Experiment name: Enhanced alcohol self-administration and reinstatement in a highly impulsive, inattentive recombinant inbred mouse strain. (Loos 2013)
LSID: http://syli.cz/urn:lsid:public.sylics.com:experiment:5B6A-9DB7-9724

TreatmentAmountAdministration routeAdministration time

Treatment info:
Order of behavioural testing
PhenoTyper Spontaneous Behaviour
PhenoTyper Avoidance Learning

Published in Frontiers in Behavioral Neuroscience 2013: http://journal.frontiersin.org/Journal/10.3389/fnbeh.2013.00151/full

Enhanced alcohol self-administration and reinstatement in a highly impulsive, inattentive recombinant inbred mouse strain.
Maarten Loos (1), Jorn Staal (1), August B. Smit (1), Taco J. De Vries (1,2) and Sabine Spijker (1)
1) Department of Molecular and Cellular Neurobiology, Center for Neurogenomics and Cognitive Research, Neuroscience Campus Amsterdam, VU University, Amsterdam, Netherlands, 2) Department of Anatomy and Neurosciences, Neuroscience Campus Amsterdam, VU University Medical Center, Amsterdam, Netherlands

Deficits in executive control have frequently been associated with alcohol use disorder. Here we investigated to what extent pre-existing genetically encoded levels of impulsive/inattentive behavior associate with motivation to take alcohol and vulnerability to cue-induced reinstatement of alcohol seeking in an operant self-administration paradigm. We took advantage of BXD16, a recombinant inbred strain previously shown to have enhanced impulsivity and poor attentional control. We compared BXD16 with C57BL/6J mice in a simple choice reaction time task (SCRTT) and confirmed its impulsive/inattentive phenotype. BXD16 mice were less active in a novel open field (OF), and were equally active in an automated home cage environment, showing that increased impulsive responding of BXD16 mice could not be explained by enhanced general activity compared to C57BL/6J mice. After training in a sucrose/alcohol fading self-administration procedure, BXD16 showed increased motivation to earn 10% alcohol solution, both under fixed ratio (FR1) and progressive ratio (PR2) schedules of reinforcement. Responding on the active lever readily decreased during extinction training with no apparent differences between strains. However, upon re-exposure to alcohol-associated cues, alcohol seeking was reinstated to a larger extent in BXD16 than in C57BL/6J mice. Although further studies are needed to determine whether impulsivity/inattention and alcohol seeking depend on common or separate genetic loci, these data show that in mice enhanced impulsivity coincides with increased motivation to take alcohol, as well as relapse vulnerability.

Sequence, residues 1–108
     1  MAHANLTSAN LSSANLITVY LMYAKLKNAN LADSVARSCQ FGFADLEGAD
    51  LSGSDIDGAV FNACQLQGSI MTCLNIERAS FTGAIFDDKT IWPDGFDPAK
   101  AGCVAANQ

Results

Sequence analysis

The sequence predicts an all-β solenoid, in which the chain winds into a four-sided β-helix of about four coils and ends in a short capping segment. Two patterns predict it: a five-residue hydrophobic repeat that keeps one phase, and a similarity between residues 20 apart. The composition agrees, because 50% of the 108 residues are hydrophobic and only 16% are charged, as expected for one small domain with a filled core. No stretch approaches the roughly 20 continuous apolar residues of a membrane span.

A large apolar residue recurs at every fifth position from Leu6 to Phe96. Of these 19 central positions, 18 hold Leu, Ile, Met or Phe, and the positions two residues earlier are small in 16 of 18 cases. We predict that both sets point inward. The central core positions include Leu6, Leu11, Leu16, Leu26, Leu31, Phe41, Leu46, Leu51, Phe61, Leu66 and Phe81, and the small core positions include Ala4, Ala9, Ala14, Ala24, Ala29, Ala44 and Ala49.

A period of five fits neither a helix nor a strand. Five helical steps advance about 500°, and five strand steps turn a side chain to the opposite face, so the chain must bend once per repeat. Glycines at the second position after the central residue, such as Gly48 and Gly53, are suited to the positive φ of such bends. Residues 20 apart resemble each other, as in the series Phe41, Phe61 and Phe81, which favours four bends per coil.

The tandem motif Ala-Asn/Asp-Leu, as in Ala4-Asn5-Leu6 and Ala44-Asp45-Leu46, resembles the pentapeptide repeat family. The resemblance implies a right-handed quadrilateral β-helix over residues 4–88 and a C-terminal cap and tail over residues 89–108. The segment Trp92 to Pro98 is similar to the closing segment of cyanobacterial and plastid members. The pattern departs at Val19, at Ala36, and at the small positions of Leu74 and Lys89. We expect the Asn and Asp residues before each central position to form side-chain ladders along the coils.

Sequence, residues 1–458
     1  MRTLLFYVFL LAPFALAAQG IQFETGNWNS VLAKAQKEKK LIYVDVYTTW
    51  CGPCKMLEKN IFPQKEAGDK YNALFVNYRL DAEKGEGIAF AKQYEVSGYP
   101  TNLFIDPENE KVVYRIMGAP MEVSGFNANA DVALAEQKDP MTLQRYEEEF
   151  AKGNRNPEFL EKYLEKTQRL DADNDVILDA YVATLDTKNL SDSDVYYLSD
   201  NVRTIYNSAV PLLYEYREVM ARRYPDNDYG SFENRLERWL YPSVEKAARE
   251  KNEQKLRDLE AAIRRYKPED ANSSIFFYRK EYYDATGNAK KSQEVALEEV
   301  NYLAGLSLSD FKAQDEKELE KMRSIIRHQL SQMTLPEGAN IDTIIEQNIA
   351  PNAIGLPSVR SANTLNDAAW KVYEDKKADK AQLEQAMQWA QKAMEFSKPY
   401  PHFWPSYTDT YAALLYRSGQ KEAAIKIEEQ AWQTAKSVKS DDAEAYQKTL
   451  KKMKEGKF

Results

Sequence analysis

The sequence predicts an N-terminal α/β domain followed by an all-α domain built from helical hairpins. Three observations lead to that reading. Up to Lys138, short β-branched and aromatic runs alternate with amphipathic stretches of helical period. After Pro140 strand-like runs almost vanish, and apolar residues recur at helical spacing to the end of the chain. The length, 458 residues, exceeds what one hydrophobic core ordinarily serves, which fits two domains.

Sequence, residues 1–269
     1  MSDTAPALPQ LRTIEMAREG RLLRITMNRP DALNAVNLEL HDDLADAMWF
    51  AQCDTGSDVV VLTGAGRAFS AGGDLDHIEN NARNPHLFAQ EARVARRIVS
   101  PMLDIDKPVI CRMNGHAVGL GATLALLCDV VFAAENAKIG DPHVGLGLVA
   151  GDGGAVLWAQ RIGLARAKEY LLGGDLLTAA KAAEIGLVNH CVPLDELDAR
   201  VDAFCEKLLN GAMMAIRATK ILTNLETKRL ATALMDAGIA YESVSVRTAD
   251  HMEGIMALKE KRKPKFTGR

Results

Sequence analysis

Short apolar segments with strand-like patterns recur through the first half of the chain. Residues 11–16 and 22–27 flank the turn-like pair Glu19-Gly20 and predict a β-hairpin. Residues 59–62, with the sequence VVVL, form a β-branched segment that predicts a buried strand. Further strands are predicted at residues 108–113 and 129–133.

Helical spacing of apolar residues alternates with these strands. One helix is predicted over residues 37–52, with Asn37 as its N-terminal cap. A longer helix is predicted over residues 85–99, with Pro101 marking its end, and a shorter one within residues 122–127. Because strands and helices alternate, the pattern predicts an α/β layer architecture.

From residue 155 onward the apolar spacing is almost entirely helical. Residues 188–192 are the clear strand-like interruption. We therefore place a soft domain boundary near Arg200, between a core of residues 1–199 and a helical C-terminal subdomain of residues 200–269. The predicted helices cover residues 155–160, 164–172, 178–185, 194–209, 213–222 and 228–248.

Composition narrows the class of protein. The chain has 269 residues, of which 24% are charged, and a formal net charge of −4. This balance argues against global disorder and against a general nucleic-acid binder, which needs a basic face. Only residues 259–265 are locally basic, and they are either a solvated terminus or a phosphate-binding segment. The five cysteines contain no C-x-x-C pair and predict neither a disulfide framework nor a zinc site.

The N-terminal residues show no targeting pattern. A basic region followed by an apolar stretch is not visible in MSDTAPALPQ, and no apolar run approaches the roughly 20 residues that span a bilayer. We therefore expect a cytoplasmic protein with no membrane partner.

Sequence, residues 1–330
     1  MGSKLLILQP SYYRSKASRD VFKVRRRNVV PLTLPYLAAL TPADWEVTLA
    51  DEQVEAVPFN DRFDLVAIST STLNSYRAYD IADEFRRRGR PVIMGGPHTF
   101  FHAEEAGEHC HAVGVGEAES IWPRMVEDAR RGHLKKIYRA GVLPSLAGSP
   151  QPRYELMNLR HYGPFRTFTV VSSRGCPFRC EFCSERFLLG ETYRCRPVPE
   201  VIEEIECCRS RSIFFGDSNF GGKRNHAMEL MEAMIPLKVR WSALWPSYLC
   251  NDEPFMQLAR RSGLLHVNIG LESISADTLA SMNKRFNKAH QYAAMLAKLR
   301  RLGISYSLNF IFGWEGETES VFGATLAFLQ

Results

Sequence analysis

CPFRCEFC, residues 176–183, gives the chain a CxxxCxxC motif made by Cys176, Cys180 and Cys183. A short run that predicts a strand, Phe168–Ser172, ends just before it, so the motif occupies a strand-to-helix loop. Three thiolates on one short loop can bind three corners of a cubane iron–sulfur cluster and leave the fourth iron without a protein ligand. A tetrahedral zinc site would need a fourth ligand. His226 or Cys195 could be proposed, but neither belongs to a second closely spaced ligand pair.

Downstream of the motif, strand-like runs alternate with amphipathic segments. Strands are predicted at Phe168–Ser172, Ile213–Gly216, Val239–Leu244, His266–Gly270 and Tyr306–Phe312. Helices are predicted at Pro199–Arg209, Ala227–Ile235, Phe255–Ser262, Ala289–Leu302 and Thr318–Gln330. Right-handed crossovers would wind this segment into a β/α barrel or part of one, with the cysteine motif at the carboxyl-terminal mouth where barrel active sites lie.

In this manuscript: Home-cage activity data of BXD16 mice
During the 3rd day in the automated home cage environment, i.e., after the effect of novelty on activity levels during the 1st days had largely faded (De Visser et al., 2006), activity of BXD16 was not different from C57BL/6J in terms of total distance moved during the dark phase (Figure 2A; ) or during the light phase.

Mouse info:
Mouse ID Strain Coat color Genotype Ear tag Internal ID Sex Date of Birth Sub experiment 1 Sub experiment 2 Sub experiment 3
PH00246 BXD16 unknown male 00-00-0000
PH00247 BXD16 unknown male 00-00-0000
PH00328 BXD16 unknown male 00-00-0000
PH00329 BXD16 unknown male 00-00-0000
PH00330 BXD16 unknown male 00-00-0000
PH00331 BXD16 unknown male 00-00-0000
PH01028 BXD16 unknown male 00-00-0000
PH01029 BXD16 unknown male 00-00-0000
PH01030 BXD16 unknown male 00-00-0000